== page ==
As health systems across Europe recover from the COVID crisis, the importance of accelerating digital maturity has never been more apparent – a topic that will be discussed in more depth at HIMSS22 Europe this week.
But given this evolving healthcare landscape, how do we assess the success of the digital transformation, and what results should we strive for to maximize return on investment?
“The maturity of healthcare organizations is directly related to their capacity to capture, manage and link patient data, the great benefits and results of consolidating and linking data and how digital health platforms can help build more effective healthcare managed by data. which can benefit all stakeholders, ”says David Labajo, Vice President (VP), GE Healthcare Digital Sales in Europe.
In order to achieve digital maturity in healthcare, he believes that relevant and qualified information must be captured not only in the electronic medical record (EMR), but also in all information systems and departments.
“The next step is to be able to consolidate and link all this information. That’s why we need to eliminate data silos in organizations and be able to summarize, consolidate and manage all the different data flows, “Labajo added. Once we have this, we will be ready to build a data-driven healthcare organization and apply artificial intelligence (AI) to that data to enable patient segmentation, risk assessment, prioritization and early diagnosis, personalization. treatment and allowing more personal follow-up of the patient. “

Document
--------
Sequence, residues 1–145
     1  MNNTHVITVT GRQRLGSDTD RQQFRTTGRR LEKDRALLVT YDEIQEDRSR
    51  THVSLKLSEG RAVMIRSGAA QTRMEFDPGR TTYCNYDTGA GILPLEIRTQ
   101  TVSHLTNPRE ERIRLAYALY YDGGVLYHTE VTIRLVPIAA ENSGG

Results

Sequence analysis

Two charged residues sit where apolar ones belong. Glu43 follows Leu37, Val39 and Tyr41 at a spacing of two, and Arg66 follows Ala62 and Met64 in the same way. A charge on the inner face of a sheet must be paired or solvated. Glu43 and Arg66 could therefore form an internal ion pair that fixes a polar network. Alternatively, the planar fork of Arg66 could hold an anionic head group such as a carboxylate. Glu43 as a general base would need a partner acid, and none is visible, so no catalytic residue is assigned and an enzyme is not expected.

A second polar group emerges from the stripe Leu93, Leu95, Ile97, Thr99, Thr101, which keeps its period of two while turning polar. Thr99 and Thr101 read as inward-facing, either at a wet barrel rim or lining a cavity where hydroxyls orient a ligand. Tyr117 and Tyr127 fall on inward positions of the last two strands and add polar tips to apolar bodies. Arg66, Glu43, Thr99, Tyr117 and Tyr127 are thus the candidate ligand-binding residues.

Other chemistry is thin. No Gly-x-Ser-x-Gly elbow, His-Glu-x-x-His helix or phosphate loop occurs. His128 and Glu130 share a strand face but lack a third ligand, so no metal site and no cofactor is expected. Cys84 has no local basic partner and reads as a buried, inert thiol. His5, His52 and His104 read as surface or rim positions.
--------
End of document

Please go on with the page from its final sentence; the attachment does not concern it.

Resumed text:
Labajo also emphasizes the importance of collaboration between healthcare providers, industry players and start-ups to create an “internal and external ecosystem” that can work together to develop, integrate and deliver digital solutions.
Meanwhile, Prof. Sam Shah, Chief Strategic Director at Startup for men’s health Numanbelieves that the needs of the workforce and end users must be at the forefront of the digital transformation.
“Digital maturity is much more than data, infrastructure and technology, but it is also about the workforce and the needs of consumers,” said Shah. “It will probably mean different things to different people working in different backgrounds. In principle, it will need the right political conditions, strategy and funding. More importantly, the needs of the workforce must be included in any strategy. “
Obstacles to maturity
Although many countries around the world have defined policies and allocated resources to support the assessment of digital maturity, there are still many blockers that need to be addressed.
“The challenges of reaching digital maturity are as cultural as they are technical and organizational,” says Prof. Shah. “One of the biggest blocks we see in most organizations is the lack of any coherent strategy, the lack of funding and the lack of organizational design.
Another obstacle is how to deal with huge amounts of health data, much of which is unstructured, in silos and outside the system.
“Up to 30% of the world’s data is generated in healthcare. The main blocking factor is that although we collect huge amounts of data, most of them are unused, without proper quality, separated, torn, fragmented and unstructured, so we cannot activate it to get a better idea and improve clinical and operational efficiency, ”explains Labajo. “Furthermore, data management is a big challenge and we need to understand it before we can move to fully data-driven healthcare.”
Labajo and Shah will continue the conversation at the session Digital maturity: goals and roadmap of the European Conference and Exhibition HIMSS22.